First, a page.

Well, if we perform our Gauss elimination or static condensation-- we have shown that it is the same-- on this system, in the first step, we obtain a 3-by-3 matrix. Physically, what we have obtained is the stiffness matrix of this system now. And the following important point is now to be noted. If I look at this column just in the same way as I looked at the first column of the 4-by-4 system, then this column represents now the forces that are required at these degrees of freedom to impose a unit displacement here at this degree of freedom, this now being unity, with 0 displacements here. And the force required here is 14/5. That is the force that I have to apply here to get a unit displacement here. At the same time, I have to apply here a force of minus 16/5, and I have to apply here a force of 1.

So I'm talking again about forces acting onto the system in this matrix here. And these forces are stored in the columns or the rows off the matrix, and in the I's column or row, I have the forces required to impose a unit displacement at the I's degree of freedom with all the degrees of freedom being 0. And the important point is that having performed now the Gauss elimination, here I do not have anymore a degree of freedom. The system is free to go down here. And that's what we mean by static condensation, really. We have taken a degree of freedom out of the system.

Proceeding in the same way, we obtain this 2 by 2 system. Now we only have 2 degrees of freedom. I have condensed out this degree of freedom and that degree of freedom, which were there. The beam is now free to move down here, so the deflected shape corresponding to U3, this one here, would be like that, with 0 displacement here, and unit displacement there. The forces required at these degrees of freedom are stored in this column here.

Now, we immediately can observe that since we are talking about a physical system into which we have to put energy to deform it, we can conclude that these elements here must be positive elements. In other words, the diagonal elements in the stiffness matrices that we derive must be positive. They must be positive because if I push down the U3 degree of freedom to obtain a unit displacement, surely the force that I have to apply here must be positive. In other words, it must be a force into the direction of the degree of freedom U3. And that means this must be a positive element.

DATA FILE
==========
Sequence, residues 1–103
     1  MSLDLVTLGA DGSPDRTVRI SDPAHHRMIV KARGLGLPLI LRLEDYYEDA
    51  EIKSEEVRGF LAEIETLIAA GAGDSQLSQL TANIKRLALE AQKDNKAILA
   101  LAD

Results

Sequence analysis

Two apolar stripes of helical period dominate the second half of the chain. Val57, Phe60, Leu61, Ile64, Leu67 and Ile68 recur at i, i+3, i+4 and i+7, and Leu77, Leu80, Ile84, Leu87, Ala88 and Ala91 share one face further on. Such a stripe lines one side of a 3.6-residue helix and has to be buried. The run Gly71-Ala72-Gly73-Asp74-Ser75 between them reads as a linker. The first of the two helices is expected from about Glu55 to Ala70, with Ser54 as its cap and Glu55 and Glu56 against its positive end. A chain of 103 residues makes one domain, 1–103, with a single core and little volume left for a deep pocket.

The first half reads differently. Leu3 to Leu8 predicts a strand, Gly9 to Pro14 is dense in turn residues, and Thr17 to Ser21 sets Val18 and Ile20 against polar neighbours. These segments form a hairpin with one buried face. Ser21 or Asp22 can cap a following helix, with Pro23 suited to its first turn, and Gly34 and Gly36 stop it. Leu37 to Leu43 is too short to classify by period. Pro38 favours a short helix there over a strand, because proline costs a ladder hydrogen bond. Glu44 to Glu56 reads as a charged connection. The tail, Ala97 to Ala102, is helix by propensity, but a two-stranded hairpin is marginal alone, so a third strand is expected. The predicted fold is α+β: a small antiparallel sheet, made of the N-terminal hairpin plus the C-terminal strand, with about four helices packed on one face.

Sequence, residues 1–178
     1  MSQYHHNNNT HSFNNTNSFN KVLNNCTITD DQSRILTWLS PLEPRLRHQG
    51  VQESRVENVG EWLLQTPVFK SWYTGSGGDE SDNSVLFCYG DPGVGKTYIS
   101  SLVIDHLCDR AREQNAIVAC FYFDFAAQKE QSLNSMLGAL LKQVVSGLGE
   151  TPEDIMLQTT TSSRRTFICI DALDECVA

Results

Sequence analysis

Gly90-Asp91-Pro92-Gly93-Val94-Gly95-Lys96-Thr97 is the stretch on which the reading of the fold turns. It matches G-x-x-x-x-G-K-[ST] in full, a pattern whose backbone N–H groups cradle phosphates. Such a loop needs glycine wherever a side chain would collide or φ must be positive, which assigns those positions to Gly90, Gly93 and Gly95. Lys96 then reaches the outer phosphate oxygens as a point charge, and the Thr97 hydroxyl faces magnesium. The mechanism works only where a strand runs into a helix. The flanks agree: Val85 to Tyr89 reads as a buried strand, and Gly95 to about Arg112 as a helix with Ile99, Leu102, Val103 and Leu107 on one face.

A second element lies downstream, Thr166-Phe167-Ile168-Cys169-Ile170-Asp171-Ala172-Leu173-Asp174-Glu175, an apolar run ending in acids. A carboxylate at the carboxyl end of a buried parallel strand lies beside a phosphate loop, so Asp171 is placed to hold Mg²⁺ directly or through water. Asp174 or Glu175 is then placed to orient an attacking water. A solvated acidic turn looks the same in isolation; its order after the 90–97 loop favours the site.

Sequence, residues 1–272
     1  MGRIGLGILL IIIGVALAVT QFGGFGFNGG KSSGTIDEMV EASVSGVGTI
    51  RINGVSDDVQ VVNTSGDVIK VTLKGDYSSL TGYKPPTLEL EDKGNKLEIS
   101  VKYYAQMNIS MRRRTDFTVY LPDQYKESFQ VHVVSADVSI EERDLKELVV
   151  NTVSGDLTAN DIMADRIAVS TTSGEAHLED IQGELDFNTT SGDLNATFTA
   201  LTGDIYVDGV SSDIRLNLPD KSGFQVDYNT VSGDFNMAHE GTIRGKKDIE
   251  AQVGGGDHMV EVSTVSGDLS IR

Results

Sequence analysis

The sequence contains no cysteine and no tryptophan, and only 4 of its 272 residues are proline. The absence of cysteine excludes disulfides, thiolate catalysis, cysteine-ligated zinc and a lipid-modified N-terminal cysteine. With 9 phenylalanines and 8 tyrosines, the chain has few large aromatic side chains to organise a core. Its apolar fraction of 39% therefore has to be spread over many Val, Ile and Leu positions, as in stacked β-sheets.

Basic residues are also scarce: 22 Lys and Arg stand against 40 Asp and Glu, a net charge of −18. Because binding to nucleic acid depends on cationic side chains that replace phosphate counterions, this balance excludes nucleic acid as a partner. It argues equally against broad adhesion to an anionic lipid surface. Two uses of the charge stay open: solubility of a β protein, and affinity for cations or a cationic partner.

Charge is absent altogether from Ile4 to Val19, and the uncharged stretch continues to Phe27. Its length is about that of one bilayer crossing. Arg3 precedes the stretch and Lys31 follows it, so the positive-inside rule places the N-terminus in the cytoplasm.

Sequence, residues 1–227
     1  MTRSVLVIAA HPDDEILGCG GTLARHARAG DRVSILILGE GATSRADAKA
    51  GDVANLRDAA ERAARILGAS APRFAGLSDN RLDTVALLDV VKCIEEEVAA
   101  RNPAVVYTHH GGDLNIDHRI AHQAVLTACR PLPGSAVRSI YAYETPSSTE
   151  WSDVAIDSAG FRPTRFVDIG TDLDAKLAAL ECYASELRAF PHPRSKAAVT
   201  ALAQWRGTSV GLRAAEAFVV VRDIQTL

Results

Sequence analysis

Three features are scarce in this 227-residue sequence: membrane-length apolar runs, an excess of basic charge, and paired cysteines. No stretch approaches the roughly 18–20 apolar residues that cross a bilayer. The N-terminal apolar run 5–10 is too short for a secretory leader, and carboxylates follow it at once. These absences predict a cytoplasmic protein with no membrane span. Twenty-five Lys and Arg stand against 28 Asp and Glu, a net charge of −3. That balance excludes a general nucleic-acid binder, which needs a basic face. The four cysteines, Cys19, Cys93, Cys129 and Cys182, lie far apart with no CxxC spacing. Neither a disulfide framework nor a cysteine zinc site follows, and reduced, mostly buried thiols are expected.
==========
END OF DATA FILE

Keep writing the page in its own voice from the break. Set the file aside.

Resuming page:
So if, in a Gauss elimination procedure, we obtain, all of a sudden, a negative diagonal element, this one or that one, as an example, then we would know that the structure we are analyzing is unstable. In the final step of the Gauss elimination, we obtain a single degree of freedom system. And that single degree of freedom system behaves like that. Notice no more degree of freedoms here.

And the equation-- I have to apologize that this matrix has been written a little bit down. It should be a little bit higher. They should, of course, be aligned these three. But basically, we have 5/6 times U4 equals 7/6. And this here is really nothing else than the stiffness of a spring. A spring K having us a number 5/6. In other words, a spring stiffness of 5/6 here. This is U4, the U4 degree of freedom. And the force applied to that spring is 7/6. We have a single degree of freedom system.

But notice that this single degree of freedom system, this stiffness now, K equals 5/6, contains really all the physical properties of that beam. The effect of the other degrees of freedom, U1, U2, U3, have been carried over into this spring stiffness. Similarly, 7/6 is the force which is a result off the other forces that were applied to the other degrees of freedom.

And now from the single degree of freedom system, of course, we can solve for U4, and then we go back to the 2 degree of freedom system to solve for U3, and so on. By that back substitution process, we obtain thus the displacement that the beam is actually undergoing.

So the important point is that when we do perform Gauss elimination, we really operate always on physical systems. We operate always from one stiffness matrix on to another stiffness matrix, and the next stiffness matrix is basically obtained by static condensation. We are statically condensing out 1 degree of freedom after the next.